If they gave you the loan terms to sign and you didn't read it, it isn't illegal at all. You signed for a bad loan, and that's your responsibility.
The repo will stick. There is no way that a lender who took a $12,000 haircut on a repo is going to goodwill off the tradeline. Worse, they CAN sue you for the difference, or sell that to collection agencies.
Never, ever sign an auto loan without running calculations on the terms. This is a lesson many have had to learn the hard way, too.
Best bet for a car when you have poor credit is to only buy what you can afford for cash. I was at the auto auction last summer and saw some amazing deals for $1500 for relatively low mileage cars that are easy to maintain. No reason to get a loan with poor terms.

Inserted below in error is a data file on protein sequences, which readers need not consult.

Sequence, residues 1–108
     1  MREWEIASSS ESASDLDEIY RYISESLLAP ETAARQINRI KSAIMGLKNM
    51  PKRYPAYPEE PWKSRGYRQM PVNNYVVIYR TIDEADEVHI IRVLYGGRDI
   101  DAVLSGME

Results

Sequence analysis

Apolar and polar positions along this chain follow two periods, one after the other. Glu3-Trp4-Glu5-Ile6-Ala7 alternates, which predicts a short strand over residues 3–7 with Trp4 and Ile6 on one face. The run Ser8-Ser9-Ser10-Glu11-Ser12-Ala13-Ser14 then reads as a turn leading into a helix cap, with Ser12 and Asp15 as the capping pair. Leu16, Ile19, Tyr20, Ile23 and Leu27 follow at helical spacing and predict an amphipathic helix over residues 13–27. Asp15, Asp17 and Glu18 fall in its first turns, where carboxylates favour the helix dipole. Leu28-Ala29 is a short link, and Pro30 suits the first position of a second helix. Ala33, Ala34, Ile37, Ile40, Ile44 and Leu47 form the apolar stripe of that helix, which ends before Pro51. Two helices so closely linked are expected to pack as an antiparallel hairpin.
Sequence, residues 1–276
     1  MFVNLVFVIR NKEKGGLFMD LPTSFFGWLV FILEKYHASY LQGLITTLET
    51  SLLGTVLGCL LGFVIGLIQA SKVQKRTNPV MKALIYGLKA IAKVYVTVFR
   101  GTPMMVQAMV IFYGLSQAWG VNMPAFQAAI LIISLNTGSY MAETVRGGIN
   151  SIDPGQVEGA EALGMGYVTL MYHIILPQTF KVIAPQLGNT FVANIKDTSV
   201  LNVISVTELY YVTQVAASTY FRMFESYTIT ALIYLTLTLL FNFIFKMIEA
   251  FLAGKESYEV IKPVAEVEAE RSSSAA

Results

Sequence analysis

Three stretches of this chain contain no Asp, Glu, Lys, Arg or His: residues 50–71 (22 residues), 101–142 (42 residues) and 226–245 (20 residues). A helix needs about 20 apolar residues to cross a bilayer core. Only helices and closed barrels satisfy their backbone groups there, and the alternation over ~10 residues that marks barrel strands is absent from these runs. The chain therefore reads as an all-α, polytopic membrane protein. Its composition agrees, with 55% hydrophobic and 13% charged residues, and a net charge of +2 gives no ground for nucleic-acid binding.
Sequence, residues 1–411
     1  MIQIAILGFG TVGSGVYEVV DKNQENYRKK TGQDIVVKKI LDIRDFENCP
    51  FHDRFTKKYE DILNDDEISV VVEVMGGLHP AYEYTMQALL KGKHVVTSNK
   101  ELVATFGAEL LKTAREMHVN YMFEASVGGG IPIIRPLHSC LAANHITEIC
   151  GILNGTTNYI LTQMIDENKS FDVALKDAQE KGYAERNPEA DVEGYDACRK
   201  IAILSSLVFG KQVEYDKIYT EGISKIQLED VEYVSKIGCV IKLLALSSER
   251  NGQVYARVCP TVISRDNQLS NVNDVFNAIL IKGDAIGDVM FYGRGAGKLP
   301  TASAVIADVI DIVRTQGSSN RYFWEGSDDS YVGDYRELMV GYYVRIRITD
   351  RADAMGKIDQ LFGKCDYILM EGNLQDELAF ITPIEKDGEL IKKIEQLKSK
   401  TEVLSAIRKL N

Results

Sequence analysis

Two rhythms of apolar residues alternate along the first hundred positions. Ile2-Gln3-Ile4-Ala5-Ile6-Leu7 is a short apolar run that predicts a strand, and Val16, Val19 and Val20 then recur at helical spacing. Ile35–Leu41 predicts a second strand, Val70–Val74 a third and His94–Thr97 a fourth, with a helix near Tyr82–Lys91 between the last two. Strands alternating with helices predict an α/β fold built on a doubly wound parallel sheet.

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Who was the original truck loan with?
As to Herby's yes that repo will stick but you said you had secured another auto loan at this time, so you should be good. The repo's will be there but they will also age. After so long you can still get a car loan but it will likely be with a subprime lender, but they will report even though the interest will be high. I deal with it every day. Folks have Buy here pay here loans and are buried in their cars hen they want to buy from us who are a franchised dealer.
When you turned the vehicle over to them, what were the terms remaining on your contract, and did you meet them?
If you defaulted on your contract, it would be a voluntary repo.
However, if you met the remaining terms of your contract (i.e., no default), it would not.
If in doubt, consult an attorney or contact your state bureau that regulates repossession of vehicles.
Legality depends upon whether either party breached the contract, and whether they complied with any state regs or statutes defining repossession of the vehicle.